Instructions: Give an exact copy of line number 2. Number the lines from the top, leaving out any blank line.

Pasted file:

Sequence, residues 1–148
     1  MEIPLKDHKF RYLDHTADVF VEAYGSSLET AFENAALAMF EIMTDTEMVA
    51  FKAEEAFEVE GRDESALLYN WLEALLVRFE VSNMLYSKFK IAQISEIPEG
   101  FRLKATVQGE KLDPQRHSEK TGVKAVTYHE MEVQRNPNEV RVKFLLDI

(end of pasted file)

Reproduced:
     1  MEIPLKDHKF RYLDHTADVF VEAYGSSLET AFENAALAMF EIMTDTEMVA